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Finding My Inner Kris Kringle: Caffeinated Mama

Friends say I don’t like Christmas, but that’s not true. I love listening to Phil Spector’s Christmas album while pigging out on cookies and sipping champagne.

I like opening presents with my husband on Christmas morning. He always gets me an outfit, and I love modeling it. I like baking cookies with my mom, receiving gifts from far-flung family members, making a goofy holiday card, going to the mailbox to see who sent me a card, weeping while I read the Truman Capote classic, A Christmas Memory, and singing along with, “How the Grinch Stole Christmas.”

So I do like Christmas. I just seem a bit Grinchy for the traditions I eschew. I don’t get a Christmas tree. I don’t buy a lot of gifts. I don’t own any Christmas festive wear. I wince at the bags of garbage generated by our “scaled-down” Christmas. I just find it all to be too much. I can get grouchy, sometimes lamenting that I’d rather spend the holiday the way my Jewish pals do: catching a movie and dining at a Chinese restaurant.

But now, I’m a mom. And as my daughter Celia’s second Christmas approaches, I need to find my inner Kris Kringle.

I want Celia to experience the joy of Christmas, and I believe, under all those Toys R Us catalogs, it’s there … somewhere.

Last Christmas, she was only five weeks old. I was so grateful to have her, I would have sung “Rudolph, the Red-Nosed Reindeer” in the middle of Macy’s, naked, except for the antlers on my head. As a sleep-deprived new mom, all I was asked to do for our traditional Christmas dinner of beef and Yorkshire pudding was, “BRING THE BABY!”

This year, Celia is a joy, as bright as the star that would be atop our tree—if we had one. She loves music and is captivated by anything that shimmers. She is ready for the holidays, if not yet old enough to understand the concept of Jesus born in a manger or Santa coming down the chimney. (The two stories celebrated simultaneously must be confusing for kids of all ages … but that’s for another story.)

Some are born with the Christmas spirit. I need a plan. I’ve decided to take on the Christmas customs I can live with at a rate of one per year, working up to a tree when Celia is about four. First, I will indulge in a favorite childhood tradition: stockings.

I ordered three velvet socks with silver tassels. I plan to get some Elmer’s Glue and some glitter and write our names on them. Some logistics need to be worked out, such as whether to put Mommy and Daddy or Patti and Jason. And should I get some mini stockings for our dogs, Petey and Albany?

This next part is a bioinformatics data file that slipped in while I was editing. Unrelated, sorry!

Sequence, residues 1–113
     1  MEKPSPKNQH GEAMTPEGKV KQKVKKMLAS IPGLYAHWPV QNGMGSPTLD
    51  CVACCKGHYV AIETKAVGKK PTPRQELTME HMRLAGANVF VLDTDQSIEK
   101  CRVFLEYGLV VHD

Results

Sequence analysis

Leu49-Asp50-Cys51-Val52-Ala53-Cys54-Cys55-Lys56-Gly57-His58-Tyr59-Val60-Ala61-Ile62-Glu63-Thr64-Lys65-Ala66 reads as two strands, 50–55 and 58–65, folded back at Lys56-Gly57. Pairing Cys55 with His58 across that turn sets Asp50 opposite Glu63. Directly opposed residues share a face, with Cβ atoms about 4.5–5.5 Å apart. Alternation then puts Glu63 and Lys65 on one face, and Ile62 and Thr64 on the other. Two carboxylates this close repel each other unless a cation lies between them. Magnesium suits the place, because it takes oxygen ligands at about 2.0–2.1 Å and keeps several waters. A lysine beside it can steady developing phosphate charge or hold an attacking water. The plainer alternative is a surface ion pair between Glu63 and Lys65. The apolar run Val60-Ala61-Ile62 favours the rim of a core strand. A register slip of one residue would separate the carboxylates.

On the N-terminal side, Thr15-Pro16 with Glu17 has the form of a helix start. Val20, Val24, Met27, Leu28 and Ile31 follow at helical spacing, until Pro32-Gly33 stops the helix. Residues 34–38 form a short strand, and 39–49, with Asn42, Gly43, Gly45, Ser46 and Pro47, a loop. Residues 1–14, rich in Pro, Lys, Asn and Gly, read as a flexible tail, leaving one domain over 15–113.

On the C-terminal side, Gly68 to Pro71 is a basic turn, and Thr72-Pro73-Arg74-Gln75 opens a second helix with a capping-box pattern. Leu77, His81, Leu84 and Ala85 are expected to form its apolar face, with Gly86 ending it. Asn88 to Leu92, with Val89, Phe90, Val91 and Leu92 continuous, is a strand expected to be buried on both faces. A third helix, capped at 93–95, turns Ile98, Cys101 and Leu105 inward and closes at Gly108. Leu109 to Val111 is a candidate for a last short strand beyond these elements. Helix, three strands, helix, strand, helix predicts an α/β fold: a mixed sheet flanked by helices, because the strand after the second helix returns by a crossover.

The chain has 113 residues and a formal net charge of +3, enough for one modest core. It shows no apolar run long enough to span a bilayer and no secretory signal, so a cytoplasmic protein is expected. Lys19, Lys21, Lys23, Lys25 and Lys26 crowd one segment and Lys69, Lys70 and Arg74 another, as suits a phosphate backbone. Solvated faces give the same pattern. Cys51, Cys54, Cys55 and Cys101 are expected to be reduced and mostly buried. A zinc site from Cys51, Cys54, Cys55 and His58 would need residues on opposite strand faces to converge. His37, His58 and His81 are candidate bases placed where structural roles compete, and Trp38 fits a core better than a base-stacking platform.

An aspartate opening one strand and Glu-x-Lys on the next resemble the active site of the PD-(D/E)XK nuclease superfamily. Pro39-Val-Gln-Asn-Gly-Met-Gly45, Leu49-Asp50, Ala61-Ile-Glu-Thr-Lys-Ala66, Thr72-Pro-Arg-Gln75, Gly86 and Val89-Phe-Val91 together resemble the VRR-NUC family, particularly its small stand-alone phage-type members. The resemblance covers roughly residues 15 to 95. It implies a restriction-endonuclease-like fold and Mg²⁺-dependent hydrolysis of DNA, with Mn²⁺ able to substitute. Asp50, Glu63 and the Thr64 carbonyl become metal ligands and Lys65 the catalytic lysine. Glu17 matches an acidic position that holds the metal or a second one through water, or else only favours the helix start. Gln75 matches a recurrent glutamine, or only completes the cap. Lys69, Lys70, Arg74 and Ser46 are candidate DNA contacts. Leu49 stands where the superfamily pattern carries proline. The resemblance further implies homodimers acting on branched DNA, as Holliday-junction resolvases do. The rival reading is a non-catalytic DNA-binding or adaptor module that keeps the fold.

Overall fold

I’ll fill Celia’s with little gifts, just like my mom did from the time I was little until a couple of years ago, when my mom, my sister, and I declared a moratorium on trinkets.

Jason has hobbies and is easy to find trinkets for. I’ll drop some subtle hints that he needs to gather up some for my sock. I’ll probably write, “Buy stocking stuffers for your wife!!!” on a post-it note and stick it on the coffee pot on Christmas Eve morning.

We plan to fill the house with music and the smell of freshly baked cookies. I may make the ones shaped like candy canes and sprinkled with peppermint even though they are labor-intensive.

I won’t go to the mall, even for the Santa photo op, or any tree lightings. But I’ll tie up the presents I bought online with ribbons. Would it be a downer to wrap my gifts in brown bags from the grocery store? I have issues with wrapping paper …

I don’t plan to buy Celia any gifts. Am I horrible? Here’s what I’m thinking: she’s one. She will get tons of presents from the many grandparents who adore her. She won’t know who got her what. Did I mention she’s one?

I want Christmas to be fun for all of us, a truly happy holiday. I don’t want to pass on my holiday hang-ups to my child, I just want her to enjoy Christmas and, hopefully, find meaning amid the tinsel. I want her to understand it’s about connecting with the people you love, appreciating all you have, being generous, and … pigging out on cookies while listening to Darlene Love: “They’re singing, ‘Deck the Halls,’ but it’s not like Christmas at all, ‘Cause I remember when you were here, and all the fun we had last year!”

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